I totally love the Library of Congress! We should – we pay for it… Check out their guide to using Primary Sources. It includes a lovely analysis tool as well.
How would you like Albert Einstein to read to you? REALLY! You can hear Einstein’s 1941 radio address on “The Common Language of Science.”
The Anti-Defamation League just put out an inspirational video “Imagine a World Without Hate.” Do not watch without a box of tissues handy!
Finally, speaking of videos… if you’re looking for a Passover video to liven your holiday preparations, check these out:
The Maccabeats‘ take on Les Mis and Pesach:
Muppets’ Matzah in the House:
And, from Aish – if today’s media told the Passover story:
Chag Pesach Sameach!
Infographics are everywhere – they’re great for displaying a lot of information on a screen or in a poster. For an easy way to create them, visit Easel.ly. Pick a theme, drop in your information and go!
LibriVox is a great website with free audiobooks from the public domain. You can listen online or download them.
If you’d like to record a 30-second audio clip, or have your students record one, visit Croak.it. Like similar audio recording websites, it’s easy to use and pretty intuitive. Unlike other websites, however, Croak.it stores your audio clip on its own web server and gives you a URL where you can find it later. Very nice! It’s limited to 30 seconds, though, so you (or your students) need to be concise! There are also free iOS and Android apps.
Haiku Deck is a nice easy-to-use app that creates slide show presentations. Here’s a good article about Haiku Deck and its possibilities.
A number of my colleagues and I attended a terrific workshop last week on Burley School’s iPad program, given by first grade teacher Kristin Ziemke. Kristin blogs about Burley’s iPad journey – it’s a great resource!
ThingLink is a website where you can upload an image and add video and audio. Think of it as a tool to turn a static image into an interactive graphic. There’s a great toolkit to explore how to use it as a teaching tool and a slide show that explains more. I love it!
Here’s a terrific article at TeachThought about how to promote student self-direction in your classroom.
Yeshiva University has created a useful network for Jewish educators using technology in the classroom called YU2.0. There are blogs, forums and groups for special interest such as Apps in education, connecting with Israel via technology and SMART Boards in the classroom.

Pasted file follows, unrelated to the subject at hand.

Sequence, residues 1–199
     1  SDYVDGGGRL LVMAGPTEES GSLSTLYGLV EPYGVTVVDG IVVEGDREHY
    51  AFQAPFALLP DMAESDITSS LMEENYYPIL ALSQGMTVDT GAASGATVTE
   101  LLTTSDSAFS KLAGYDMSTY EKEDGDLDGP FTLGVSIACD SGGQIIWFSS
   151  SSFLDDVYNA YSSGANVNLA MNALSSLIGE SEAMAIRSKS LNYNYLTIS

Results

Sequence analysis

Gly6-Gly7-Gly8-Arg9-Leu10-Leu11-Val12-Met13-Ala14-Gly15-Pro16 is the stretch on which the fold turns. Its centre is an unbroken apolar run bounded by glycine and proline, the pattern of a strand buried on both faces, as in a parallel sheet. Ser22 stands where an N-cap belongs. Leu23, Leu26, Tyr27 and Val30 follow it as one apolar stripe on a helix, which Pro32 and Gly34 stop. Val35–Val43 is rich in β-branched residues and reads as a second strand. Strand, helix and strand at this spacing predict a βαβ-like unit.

What was your favorite Super Bowl commercial? I don’t watch the game, but I have to say that Amy Poehler’s Best Buy commercial, in which she says “dongle” several times, made me laugh.
Check out an amazing video that shows images of what’s called the Extreme Deep Field (EDF). These images represent the farthest we (humans) have ever seen into the Universe. The very end of the video pans back from the EDF to help provide a better perspective on the actual vastness of the Universe.
Here’s another one of those great aggregate sites with links to places on the web where you can find educational games and simulations just perfect for interactive white boards.
Succeeding with Science is a great resource “designed to nurture an enthusiasm for science, engineering, technology and mathematics in young people.” You can search for special topics or browse by age group.
The Innovative Learning Environments Project studied how young people learn and which conditions and dynamics contribute to learning success. You can read about the project at their website. There’s a great article referencing it at Mindshift.
Buy a couple iPad stands. Once you have them you’ll find dozens of ways to use them. For our yearbook this year we took iPad photos of the graduates’ baby photos rather than scanning them. It was much faster and the quality was great. My teachers use them in class as document cameras, too. We bought the Justand brand – they’re really durable and versatile.
Here’s a video from the company: